Eating out in China can be a bit disconcerting. New flavors and textures to discover, menus full of unknown Chinese characters and dishes…
And then there’s having the right, Chinese, table manners. Get used to it though, because with mom-and-pop restaurants in China usually being extremely affordable, trust us, you’ll be eating out a lot.
Here’s the deal: we’ll let you explore the unknown dishes on your own (this time!) but we’ll help you figure out how to behave properly in a restaurant. Our first piece of advice when you go eating out in China: unlearn what you’ve learned before, table etiquette-wise. And follow these five small but extremely handy tips. Ready?
Eating out in china Tip #1: Get handy with chopsticks
Learning how to use chopsticks is a given if you’re hoping to eat in China. Western cutlery is seldom seen in Chinese restaurants. Check out this article to read up about one particular chopstick no-no. Also, make sure to remember not to cross them (impolite!), drop them (bad luck! But waiters will come replace them in a minute so don’t worry), suck on them (rude!) or play with them (remember you’ll be eating with them so don’t go sticking them up your nose first).
In case you need a crash course in chopstick handling, here’s how:
Eating out in china Tip #2: Pick up your bowl and slurp
As a child, you may have been taught that you’re supposed to bring your fork to your mouth and not the other way around. Also, that you’re not supposed to pick up your plate to eat out of it. Well, time to forget your manners a bit.
First, you’ll often be eating out of a bowl, instead of a plate. This makes it easier to gather up the food with your chopsticks. Then, get used to lifting up your bowl to bring it close to your mouth. Truth is, once you start doing this, it’s hard to stop. Such a convenient way to eat rice! And don’t forget to slurp noisily to show you’re enjoying your meal.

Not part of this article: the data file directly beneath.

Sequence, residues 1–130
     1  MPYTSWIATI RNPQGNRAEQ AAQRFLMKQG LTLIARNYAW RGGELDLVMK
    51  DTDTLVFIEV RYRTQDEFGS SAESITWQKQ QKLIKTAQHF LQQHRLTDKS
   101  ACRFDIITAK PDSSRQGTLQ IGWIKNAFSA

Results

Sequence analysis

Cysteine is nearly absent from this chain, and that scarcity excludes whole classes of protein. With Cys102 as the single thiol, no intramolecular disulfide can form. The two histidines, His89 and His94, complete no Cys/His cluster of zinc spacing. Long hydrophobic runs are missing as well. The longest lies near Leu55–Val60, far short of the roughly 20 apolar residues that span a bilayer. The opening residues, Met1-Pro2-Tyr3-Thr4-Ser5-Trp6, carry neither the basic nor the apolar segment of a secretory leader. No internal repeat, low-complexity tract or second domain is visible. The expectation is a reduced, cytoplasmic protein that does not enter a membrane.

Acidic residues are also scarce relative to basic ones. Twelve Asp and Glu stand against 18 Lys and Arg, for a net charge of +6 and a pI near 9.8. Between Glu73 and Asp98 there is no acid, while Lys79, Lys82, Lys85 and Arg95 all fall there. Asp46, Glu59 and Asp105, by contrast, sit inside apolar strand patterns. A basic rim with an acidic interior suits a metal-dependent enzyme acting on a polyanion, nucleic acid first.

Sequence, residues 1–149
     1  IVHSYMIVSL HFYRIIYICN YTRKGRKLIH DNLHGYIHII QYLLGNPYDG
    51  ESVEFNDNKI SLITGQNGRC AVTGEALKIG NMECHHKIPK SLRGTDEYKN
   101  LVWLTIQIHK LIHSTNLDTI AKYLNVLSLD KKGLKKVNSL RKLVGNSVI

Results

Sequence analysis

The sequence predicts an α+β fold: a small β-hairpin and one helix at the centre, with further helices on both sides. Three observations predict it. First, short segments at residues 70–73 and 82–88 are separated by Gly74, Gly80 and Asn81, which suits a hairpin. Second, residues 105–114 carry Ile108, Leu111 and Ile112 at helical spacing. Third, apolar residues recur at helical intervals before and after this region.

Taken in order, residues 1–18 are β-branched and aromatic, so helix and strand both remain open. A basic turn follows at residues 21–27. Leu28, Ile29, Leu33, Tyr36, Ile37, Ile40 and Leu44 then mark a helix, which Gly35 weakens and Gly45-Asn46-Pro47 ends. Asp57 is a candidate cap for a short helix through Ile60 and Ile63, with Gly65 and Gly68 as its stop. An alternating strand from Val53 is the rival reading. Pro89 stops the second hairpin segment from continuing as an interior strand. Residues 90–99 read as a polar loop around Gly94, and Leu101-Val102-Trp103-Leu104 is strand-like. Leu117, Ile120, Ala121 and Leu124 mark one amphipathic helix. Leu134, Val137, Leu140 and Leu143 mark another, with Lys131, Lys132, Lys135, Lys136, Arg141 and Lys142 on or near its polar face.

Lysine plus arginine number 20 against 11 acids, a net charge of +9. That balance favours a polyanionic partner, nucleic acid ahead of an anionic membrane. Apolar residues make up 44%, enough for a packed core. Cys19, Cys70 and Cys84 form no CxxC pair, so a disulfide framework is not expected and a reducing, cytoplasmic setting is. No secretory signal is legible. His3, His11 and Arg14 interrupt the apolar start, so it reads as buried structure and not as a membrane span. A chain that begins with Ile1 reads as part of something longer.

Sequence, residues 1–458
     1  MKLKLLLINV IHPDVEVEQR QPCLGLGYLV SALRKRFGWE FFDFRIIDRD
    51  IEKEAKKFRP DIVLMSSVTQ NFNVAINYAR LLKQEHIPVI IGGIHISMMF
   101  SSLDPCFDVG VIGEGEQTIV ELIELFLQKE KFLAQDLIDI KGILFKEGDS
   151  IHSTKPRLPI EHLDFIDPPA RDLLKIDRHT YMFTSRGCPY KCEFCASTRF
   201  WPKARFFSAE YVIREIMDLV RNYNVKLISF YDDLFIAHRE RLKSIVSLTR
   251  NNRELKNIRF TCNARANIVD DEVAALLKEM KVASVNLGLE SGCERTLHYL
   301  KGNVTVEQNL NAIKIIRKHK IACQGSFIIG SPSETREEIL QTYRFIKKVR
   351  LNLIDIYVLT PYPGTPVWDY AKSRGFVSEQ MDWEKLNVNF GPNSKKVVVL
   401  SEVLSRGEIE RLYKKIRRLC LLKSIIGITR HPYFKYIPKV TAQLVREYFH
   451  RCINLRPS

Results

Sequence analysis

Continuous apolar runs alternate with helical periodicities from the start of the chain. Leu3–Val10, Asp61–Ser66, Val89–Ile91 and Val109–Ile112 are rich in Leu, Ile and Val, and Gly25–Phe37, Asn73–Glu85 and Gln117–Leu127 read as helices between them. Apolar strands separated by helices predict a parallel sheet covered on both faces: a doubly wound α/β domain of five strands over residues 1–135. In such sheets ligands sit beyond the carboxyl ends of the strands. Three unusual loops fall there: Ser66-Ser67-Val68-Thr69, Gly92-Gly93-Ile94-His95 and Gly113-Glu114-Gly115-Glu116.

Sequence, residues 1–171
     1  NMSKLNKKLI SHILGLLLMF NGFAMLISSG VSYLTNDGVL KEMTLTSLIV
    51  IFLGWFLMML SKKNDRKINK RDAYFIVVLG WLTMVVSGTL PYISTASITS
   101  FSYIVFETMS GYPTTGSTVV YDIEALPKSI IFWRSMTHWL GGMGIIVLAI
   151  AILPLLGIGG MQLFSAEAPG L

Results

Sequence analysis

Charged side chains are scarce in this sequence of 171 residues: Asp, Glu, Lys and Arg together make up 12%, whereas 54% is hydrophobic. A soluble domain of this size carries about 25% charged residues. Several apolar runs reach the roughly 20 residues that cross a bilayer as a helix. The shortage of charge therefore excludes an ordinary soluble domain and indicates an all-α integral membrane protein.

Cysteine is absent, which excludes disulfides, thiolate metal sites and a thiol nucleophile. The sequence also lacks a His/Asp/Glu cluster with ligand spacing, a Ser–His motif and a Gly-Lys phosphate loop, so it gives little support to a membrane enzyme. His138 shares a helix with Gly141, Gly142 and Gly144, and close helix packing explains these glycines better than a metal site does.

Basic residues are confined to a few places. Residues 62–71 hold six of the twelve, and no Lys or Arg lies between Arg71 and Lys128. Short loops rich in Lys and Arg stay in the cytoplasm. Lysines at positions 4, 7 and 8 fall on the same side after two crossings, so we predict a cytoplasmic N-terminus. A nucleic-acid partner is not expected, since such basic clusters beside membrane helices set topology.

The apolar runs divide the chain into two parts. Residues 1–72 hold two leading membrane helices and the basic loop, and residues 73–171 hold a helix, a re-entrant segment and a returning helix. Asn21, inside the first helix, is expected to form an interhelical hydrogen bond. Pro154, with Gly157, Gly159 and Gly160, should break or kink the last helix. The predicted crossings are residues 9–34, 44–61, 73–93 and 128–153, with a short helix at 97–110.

Eating out in china Tip #3: Want service? Yell!
In China, it’s considered a good sign if the restaurant is crowded and incredibly noisy. Odds are the food is good in there so don’t let the noise stop you from going in. Before long, you’ll be contributing to this noise yourself, partly because you might be drinking a bit (see tip #5) and also because you’ll have to (make noise). If you want to get service that is. In the Western Hemisphere it may be considered polite to silently wave over a waiter or waitress but in China, this is certainly not the norm and, most likely, will be completely inefficient. The best way to attract a waiter’s attention? Yell! The idea is to yell 服务员 (fúwùyuán – waiter) until someone comes over. A bit puzzling at first but something you actually come to miss when you go home afterwards!
It’s fun doing this in Chinese restaurants abroad, especially the ones we go to, because they always turn to see who called them and never stop to think that one of the foreigners might have called them that.
Crowded and noisy? These outdoor restaurants must be yummy! photo credit: !/_PeacePlusOne
Eating out in china Tip #4: Show you need more water for your tea
As everybody knows, tea is a really big thing in China. It’s pretty much customary to have a (full) tea pot waiting for you at your table, the same way you’d be served complimentary ice water in the US. Need more water for your tea? Either call (see #3) the waiter/waitress or, more simply, rest the lid of the teapot on the edge of the teapot. Like this:
This lets waiters know you need more hot water for your tea.
Eating out in china Tip #5: Don’t stop at a glass or a pint of beer. Go bigger!
Speaking of beverages, with beer being really cheap in China (cheaper than a bottle of soda!), what’s the point of ordering just a glass of beer? Go bigger! Not to encourage drinking or anything (you should drink responsibly), but ordering big quantities of beer is kind of the norm in China. (Besides, the beer is so weak there it won’t do that much harm, at least compared to deadly Belgian beers). True, that’s because beer is usually ordered for the whole table but we won’t tell if you do that for just you and your friend.
You can order it by the (big, 75 cl) bottle if you want: ask for 一瓶啤酒 (Yī píng píjiǔ).
But, if you really want to do it the Chinese way, order beer directly by the case.
In that case, say 一箱啤酒 (Yī xiāng píjiǔ).
At the end of the meal, if there are any unopened bottles left, you simply return them and only pay for those you drank. Nice, no?
There are plenty more things to know, but these five tips are a good start for your adventures eating out!
Have your own Chinese restaurant tips or stories you’d like to share? Let us know in the comments below!
The Nincha Team